Wednesday, December 21, 2011

The Bradley, Drummond Conundrum

So why doesn’t Andre Drummond count against UConn’s scholarship count? The answer is simple: although he is a recruited athlete, he is not a “counter” because he is not receiving any sort of institutional financial aid – i.e., academic or need-based scholarships, etc.

Any basketball or football player who is recruited and given institutional financial aid that is unrelated to athletic ability becomes a “counter” the minute he plays in a game. That doesn’t include government or personal loans, which is apparently what Drummond has taken out in order to pay his own way this year.

If a men’s basketball program has the allotted 13 scholarship players (or in UConn’s case, 10, given its NCAA sanctions), it can’t have another recruited athlete as a walk-on if that player is receiving any kind of financial aid from the school.

So why doesn’t this happen more often? Well, for one, most players don’t wait until a few days before the first day of classes to announce their commitment. Plus, think about it: how many top-notch players are going to come to a school and pay their way when they could get a free ride anywhere else in the country?

What does it matter, you say, Drummond will be making millions in another year or two as a high NBA draft pick? Well, even likely lottery picks and/or potential one-and-done’s like Drummond would be taking a risk. Suppose their weaknesses are displayed in college and they wind up not being high draft picks? Million-dollar insurance policies only cover players when they suffer debilitating injuries, not disappointing play.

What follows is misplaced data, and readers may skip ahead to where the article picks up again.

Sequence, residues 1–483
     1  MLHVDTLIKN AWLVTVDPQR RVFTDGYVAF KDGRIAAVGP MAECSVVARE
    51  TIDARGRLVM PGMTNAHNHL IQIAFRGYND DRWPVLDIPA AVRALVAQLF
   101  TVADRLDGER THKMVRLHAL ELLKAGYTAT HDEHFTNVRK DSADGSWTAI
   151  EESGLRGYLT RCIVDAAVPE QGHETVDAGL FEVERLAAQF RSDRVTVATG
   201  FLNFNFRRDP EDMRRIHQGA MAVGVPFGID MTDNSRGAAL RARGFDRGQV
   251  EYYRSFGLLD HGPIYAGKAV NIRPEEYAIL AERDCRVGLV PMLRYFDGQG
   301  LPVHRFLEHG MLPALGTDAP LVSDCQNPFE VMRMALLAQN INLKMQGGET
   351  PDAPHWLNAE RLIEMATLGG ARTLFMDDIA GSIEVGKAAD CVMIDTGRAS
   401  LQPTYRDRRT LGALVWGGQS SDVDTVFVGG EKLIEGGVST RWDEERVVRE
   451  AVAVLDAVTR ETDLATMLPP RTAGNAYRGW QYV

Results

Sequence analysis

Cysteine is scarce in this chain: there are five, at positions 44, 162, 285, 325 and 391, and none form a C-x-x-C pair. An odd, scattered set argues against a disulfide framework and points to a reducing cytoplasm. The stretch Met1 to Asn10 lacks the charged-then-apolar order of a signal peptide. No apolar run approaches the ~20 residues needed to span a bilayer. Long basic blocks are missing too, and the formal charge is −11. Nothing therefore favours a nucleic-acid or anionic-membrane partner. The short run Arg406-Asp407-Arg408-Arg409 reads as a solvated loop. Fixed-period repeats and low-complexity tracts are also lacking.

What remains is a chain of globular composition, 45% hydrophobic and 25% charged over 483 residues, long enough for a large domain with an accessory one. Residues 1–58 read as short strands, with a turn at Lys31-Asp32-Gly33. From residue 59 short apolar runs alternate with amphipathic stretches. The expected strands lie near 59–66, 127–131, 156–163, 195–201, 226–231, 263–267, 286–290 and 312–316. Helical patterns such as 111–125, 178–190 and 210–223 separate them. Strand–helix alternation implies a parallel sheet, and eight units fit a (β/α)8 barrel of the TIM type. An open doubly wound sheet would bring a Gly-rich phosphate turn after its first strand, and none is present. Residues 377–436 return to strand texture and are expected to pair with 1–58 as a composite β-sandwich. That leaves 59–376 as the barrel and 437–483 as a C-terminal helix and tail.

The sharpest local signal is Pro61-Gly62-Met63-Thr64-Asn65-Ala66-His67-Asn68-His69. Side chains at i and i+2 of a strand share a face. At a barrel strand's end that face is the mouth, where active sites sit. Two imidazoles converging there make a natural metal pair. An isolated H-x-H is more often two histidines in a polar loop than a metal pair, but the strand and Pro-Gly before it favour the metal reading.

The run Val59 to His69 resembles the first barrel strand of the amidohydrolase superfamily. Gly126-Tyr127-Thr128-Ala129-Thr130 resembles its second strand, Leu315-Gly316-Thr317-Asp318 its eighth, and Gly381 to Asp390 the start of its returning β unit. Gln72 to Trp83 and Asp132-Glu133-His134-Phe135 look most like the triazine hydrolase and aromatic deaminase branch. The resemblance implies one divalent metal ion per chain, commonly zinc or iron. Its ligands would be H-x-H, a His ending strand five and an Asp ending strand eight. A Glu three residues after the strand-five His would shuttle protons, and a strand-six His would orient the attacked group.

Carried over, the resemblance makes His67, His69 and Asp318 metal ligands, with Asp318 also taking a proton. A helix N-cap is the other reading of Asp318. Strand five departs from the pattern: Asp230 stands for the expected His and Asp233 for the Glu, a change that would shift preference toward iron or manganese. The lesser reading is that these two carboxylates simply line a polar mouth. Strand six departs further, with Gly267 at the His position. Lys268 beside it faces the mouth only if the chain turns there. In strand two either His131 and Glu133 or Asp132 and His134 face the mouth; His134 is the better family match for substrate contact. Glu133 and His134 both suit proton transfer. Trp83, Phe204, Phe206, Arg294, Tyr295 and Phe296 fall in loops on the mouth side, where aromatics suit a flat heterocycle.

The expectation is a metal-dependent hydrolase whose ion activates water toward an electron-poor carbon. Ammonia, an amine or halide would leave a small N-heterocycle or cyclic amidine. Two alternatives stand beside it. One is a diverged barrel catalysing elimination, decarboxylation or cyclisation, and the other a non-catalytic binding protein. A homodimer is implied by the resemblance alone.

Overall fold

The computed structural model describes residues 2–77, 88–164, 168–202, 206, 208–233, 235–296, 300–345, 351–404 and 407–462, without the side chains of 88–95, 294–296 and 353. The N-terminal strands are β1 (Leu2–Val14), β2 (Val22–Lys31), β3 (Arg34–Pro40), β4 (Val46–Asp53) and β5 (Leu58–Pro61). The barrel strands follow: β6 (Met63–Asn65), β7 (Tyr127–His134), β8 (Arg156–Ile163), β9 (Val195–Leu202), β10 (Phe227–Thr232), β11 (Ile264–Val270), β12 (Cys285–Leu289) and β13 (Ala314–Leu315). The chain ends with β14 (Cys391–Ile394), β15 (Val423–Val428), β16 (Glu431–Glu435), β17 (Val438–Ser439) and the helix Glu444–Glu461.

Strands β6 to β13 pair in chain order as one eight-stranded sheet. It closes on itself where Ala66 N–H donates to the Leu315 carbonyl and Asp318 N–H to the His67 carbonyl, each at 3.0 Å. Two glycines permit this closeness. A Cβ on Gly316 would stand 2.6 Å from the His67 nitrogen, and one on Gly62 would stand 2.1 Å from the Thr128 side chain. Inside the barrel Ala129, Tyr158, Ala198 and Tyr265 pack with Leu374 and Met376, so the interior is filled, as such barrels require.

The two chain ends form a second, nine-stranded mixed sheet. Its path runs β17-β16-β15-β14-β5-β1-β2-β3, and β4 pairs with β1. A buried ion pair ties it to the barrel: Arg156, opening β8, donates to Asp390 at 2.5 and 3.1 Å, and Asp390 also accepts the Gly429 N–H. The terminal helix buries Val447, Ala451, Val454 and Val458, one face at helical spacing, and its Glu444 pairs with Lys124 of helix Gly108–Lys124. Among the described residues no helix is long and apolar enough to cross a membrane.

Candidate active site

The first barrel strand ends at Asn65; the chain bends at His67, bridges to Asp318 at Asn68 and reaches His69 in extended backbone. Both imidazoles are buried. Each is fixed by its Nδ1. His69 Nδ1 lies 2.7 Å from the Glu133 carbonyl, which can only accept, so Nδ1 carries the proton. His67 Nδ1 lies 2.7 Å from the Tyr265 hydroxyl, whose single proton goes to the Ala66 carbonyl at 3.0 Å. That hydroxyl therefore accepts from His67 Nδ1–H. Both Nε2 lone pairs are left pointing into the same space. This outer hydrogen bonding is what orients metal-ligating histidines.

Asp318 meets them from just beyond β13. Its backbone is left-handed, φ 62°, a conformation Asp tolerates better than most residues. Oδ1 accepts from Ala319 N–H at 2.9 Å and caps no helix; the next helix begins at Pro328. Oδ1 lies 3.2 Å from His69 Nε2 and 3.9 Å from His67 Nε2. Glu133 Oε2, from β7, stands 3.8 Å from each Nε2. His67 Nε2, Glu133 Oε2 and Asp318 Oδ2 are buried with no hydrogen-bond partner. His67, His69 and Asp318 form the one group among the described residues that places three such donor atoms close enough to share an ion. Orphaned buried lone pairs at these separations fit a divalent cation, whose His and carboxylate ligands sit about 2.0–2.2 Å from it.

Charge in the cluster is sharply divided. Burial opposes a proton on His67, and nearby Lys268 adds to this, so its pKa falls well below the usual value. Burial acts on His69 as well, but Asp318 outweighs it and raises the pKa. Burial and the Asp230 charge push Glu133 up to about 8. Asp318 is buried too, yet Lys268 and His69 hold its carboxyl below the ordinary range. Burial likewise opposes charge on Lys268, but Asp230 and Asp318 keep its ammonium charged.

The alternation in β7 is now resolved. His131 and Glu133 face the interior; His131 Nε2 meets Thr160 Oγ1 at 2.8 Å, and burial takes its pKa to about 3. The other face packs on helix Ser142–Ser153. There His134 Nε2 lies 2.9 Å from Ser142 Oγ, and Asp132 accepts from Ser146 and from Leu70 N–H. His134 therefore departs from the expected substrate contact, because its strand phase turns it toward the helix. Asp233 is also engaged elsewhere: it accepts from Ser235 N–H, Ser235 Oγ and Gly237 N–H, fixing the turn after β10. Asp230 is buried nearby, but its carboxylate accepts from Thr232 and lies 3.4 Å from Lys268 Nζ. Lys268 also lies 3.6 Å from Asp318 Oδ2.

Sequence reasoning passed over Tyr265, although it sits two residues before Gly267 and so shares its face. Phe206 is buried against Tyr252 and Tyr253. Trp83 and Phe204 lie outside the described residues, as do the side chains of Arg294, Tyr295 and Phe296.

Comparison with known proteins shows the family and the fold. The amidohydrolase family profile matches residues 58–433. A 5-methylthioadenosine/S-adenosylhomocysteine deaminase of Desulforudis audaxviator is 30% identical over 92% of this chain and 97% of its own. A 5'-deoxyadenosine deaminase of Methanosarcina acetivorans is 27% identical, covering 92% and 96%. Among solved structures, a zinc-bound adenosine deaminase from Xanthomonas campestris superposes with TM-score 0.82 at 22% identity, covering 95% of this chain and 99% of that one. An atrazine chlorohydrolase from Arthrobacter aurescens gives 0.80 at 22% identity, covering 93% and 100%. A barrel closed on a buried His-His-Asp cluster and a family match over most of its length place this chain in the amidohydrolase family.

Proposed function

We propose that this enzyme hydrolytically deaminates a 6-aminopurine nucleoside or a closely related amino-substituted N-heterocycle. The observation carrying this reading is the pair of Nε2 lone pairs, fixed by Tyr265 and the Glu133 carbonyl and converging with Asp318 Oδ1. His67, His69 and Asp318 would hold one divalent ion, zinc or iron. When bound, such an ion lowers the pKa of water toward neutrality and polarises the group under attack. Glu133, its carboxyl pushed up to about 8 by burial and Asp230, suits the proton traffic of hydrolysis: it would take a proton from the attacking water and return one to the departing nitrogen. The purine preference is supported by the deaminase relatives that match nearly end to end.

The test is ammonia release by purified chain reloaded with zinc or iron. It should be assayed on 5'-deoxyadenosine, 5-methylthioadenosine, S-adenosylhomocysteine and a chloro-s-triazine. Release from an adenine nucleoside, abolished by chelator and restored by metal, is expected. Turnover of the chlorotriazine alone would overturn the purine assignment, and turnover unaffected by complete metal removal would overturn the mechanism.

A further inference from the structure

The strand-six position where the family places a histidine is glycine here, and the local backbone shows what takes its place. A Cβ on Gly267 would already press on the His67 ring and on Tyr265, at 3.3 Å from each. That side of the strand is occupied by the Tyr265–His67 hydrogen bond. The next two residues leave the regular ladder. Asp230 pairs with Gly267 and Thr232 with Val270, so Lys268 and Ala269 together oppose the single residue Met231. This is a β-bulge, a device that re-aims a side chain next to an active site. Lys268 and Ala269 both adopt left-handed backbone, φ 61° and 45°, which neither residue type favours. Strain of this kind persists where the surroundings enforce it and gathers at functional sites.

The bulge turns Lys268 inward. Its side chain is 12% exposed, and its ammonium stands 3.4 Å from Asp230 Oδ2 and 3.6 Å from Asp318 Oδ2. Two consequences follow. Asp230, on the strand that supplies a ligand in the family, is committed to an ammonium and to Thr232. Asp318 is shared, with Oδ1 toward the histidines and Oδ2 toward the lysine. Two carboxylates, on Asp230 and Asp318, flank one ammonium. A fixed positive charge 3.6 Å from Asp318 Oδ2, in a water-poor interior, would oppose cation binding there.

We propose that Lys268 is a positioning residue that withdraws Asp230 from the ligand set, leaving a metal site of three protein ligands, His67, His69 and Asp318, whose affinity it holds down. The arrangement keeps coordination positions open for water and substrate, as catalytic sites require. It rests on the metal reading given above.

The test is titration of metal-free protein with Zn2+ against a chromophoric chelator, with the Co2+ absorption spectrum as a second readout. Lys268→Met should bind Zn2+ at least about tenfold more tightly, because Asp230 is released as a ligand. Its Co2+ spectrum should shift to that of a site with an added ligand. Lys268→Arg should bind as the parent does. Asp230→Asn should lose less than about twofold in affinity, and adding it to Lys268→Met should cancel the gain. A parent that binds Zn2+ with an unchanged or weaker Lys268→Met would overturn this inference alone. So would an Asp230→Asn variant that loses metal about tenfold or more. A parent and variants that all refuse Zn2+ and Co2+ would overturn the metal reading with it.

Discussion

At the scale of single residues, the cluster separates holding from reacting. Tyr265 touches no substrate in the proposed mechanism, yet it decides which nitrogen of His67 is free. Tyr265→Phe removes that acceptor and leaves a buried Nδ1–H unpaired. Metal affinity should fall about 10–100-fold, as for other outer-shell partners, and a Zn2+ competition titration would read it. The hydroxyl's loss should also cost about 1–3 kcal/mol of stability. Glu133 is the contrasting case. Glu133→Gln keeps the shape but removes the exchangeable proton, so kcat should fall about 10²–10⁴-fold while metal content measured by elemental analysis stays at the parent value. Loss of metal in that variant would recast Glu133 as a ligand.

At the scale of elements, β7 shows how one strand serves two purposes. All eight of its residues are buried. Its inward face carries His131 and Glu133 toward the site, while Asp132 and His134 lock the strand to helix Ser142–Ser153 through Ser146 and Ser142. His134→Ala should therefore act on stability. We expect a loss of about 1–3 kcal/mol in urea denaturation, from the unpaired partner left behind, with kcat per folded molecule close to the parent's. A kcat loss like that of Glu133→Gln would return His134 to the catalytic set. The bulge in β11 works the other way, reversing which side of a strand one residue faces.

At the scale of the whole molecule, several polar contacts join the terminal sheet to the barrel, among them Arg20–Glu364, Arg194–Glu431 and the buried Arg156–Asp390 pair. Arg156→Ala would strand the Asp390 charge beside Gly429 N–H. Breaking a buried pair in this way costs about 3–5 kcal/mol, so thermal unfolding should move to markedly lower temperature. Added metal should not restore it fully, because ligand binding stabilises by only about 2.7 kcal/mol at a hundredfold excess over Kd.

It also takes a good, special person to offer to give up their scholarship, and Drummond certainly fits the bill. I have never seen a kid with such lofty potential and ability who is so down-to-earth. He says he doesn’t read his press clippings, doesn’t care what good things (or bad things) people are saying about him, would rather see his teammates score than him, would rather win than have a great game – and I believe every word he says.

It is worth noting, however, that this may not have happened if the process of Bradley handing over his scholarship didn’t hit some sort of logistical snags. There’s no question the original intent was for Bradley to give Drummond his scholarship. Why that couldn’t work out is a private matter.

Still, this was always viewed as a possibility, even as far back as early October. When Drummond, Bradley and Jim Calhoun spoke about it at the Husky Run, none of them ever said, point-blank, that Bradley giving Drummond his scholarship was a done deal. In fact, Calhoun, at the time, said the school might have some “more information” on the situation in a short time, and seemed to indicate that info would be coming from UConn president Susan Herbst.

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